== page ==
“I pledge to you all this evening to be by your side as, together, we fight the inter-related social cancers of Trumpism, globalized white supremacy, neo-liberalism and austerity forced onto the backs of working people everywhere,” he said. “I may not always be on the frontlines with you in the future, but I’ll always be there behind the scenes offering my unqualified support, as I continue to fight my own battle against cancer.
“My conscience dictates that I dig deep down and tap into some of that radical energy that still resides in my soul and find a militant voice to say to Trump, Bolton, Pompeo and the other hawks: Quit banging the drums of war in the Caribbean and Latin America; stop with the bellicose threats towards Cuba, Venezuela and Nicaragua; hands off the Cuban Revolution,” added Rojas referring to John Bolton, Trump’s new national security advisor, and Michael Pompeo, the US Secretary of State.
In addition, Rojas called on the political leaders of the Caribbean to reject any revival of the Monroe Doctrine, named after former US President James Monroe.
The doctrine was a United States policy of opposing European colonialism in the Americas, beginning in 1823. It stated that further efforts by European countries to take control of any independent state in North or South America would be characterized as “the manifestation of an unfriendly disposition toward the United States.”
In the same breath, the doctrine, issued on Dec. 2, 1823, pointed out that the US would recognize and not interfere with extant European colonies nor meddle in the internal concerns of European nations.
At that time, most Latin American colonies of Spain and Portugal had achieved, or were at the point of obtaining, independence from the Portuguese and Spanish Empires.
Rojas, therefore, urged Caribbean leaders “to defend the sacred principle of self-determination and to oppose any and all attempts by Trump and his cohorts to interfere in the domestic affairs of our sovereign states.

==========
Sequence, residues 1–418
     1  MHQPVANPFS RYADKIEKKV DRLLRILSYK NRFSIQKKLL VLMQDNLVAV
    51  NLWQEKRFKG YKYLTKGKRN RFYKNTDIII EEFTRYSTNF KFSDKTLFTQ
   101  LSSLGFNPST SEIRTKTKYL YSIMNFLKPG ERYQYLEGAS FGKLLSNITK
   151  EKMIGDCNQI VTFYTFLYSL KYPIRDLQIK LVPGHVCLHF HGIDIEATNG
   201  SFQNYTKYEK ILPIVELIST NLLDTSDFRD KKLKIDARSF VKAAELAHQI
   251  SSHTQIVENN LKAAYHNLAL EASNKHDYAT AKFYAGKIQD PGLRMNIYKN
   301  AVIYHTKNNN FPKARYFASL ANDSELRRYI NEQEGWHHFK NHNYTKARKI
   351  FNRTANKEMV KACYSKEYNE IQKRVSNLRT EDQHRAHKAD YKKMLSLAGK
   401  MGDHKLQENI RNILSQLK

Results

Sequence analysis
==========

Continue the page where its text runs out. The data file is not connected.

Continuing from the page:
“Don’t be bamboozled into accepting the false promises of Trumpism,” he declared. “Stand firm and defend the Caribbean region’s right to be recognized and treated as a ‘Zone of Peace.’”
“Sad to say, but we are living in a dark and scary moment,” Rojas warned. “Despairing as it may be, we do not have the luxury of simply battening down the hatches and riding out Hurricane Trump. These troubled times call for us to be proactive, to resist and to push back against the onslaught of white supremacy in all its odious manifestations.”
By submitting this comment, you agree to the following terms:
You agree that you, and not CaribbeanLifeNews.com or its affiliates, are fully responsible for the content that you post. You agree not to post any abusive, obscene, vulgar, slanderous, hateful, threatening or sexually-oriented material or any material that may violate applicable law; doing so may lead to the removal of your post and to your being permanently banned from posting to the site. You grant to CaribbeanLifeNews.com the royalty-free, irrevocable, perpetual and fully sublicensable license to use, reproduce, modify, adapt, publish, translate, create derivative works from, distribute, perform and display such content in whole or in part world-wide and to incorporate it in other works in any form, media or technology now known or later developed.